Nuclear Waste Dump Idea
Okayed by Feds
Northern Ontario Could be Targeted by Nuclear Waste Dump Promoters
Northeastern Ontario - The federal government has accepted the nuclear industry's proposal to bury highly radioactive nuclear fuel waste created by nuclear power reactors, giving the green light for the nuclear waste owners to begin siting of the underground waste dump.
In an announcement yesterday the federal Minister of Natural Resources Gary Lunn called the approval of the Nuclear Waste Management Organization's proposal to bury nuclear fuel waste "vital to the future of nuclear energy in Canada." The lack of any safe means of managing the extremely hazardous waste over the very long time frames required - millions of years - has continued to be seen by the industry as a massive public relations problem and by the public as one of the key reasons for phasing out nuclear power.
"Giving a green light to make more waste doesn't make the current or proposed means of dealing with nuclear waste over the long term any more acceptable, and it certainly doesn't make it safe," remarked Brennain Lloyd, a spokesperson for Northwatch, a regional coalition of environmental and social groups in northeastern Ontario.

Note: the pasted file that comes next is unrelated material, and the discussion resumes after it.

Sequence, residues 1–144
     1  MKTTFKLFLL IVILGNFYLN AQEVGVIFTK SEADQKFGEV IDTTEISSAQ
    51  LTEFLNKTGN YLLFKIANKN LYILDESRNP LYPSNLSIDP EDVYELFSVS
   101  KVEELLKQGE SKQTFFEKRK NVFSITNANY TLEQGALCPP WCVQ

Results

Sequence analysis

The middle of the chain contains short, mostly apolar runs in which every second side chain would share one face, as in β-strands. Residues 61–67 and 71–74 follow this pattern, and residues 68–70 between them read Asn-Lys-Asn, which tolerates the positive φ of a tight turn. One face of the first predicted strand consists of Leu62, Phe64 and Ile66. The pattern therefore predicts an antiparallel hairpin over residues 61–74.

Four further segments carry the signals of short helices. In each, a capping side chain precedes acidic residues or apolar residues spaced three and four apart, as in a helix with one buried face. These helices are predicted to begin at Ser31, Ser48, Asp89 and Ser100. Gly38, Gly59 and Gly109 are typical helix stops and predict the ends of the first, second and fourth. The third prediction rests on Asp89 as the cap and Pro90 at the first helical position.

The idea of burying nuclear waste has been around for decades, but the Canadian proposal has never been demonstrated to be safe or acceptable, even after decades of research, and permanent placement of the nuclear waste underground has not been done anywhere in the world. A ten year federal environmental assessment concluded that further research should be done by an agency independent of the nuclear industry. In response to that report, the federal government created the Nuclear Waste Management Organization, comprised of nuclear industries from the provinces of Ontario, New Brunswick and Quebec.
The NWMO reported to the federal government in November 2005 with a recommendation that the government approve a proposal to bury nuclear waste. Remarkably similar to the proposal which had failed to gain environmental assessment approval a decade earlier, it is the NWMO's approach which the federal government has now okayed, 19 months after having received it.
"They messed up. They should have at least followed the Nuclear Fuel Waste Act and had a committee hearing on whether the NWMO met their legal obligations, but they did a sloppy job, just like the NWMO", commented Lloyd.
"Unfortunately, now we've got a mess for the next government to sort out, but in the meantime we might find the nuclear industry back on our doorsteps, trying to sell struggling communities on the idea of a nuclear waste dump for economic gain."
Northern Ontario was previously identified by Atomic Energy of Canada Limited as a preferred location for an underground repository for nuclear waste. The NWMO has broadened its search criteria, and considers any rock formation - not just the Canadian Shield - to be a possible location for a nuclear waste dump.
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For more information:
Brennain Lloyd Northwatch 705 497 0373
Announcement by Natural Resources Canada is available on-line at http://www.nrcan.gc.ca/media/newsreleases/2007/200750_e.htm
Response by the Nuclear Waste Management Organziation is available online at www.nwmo.org
NWMO Final Report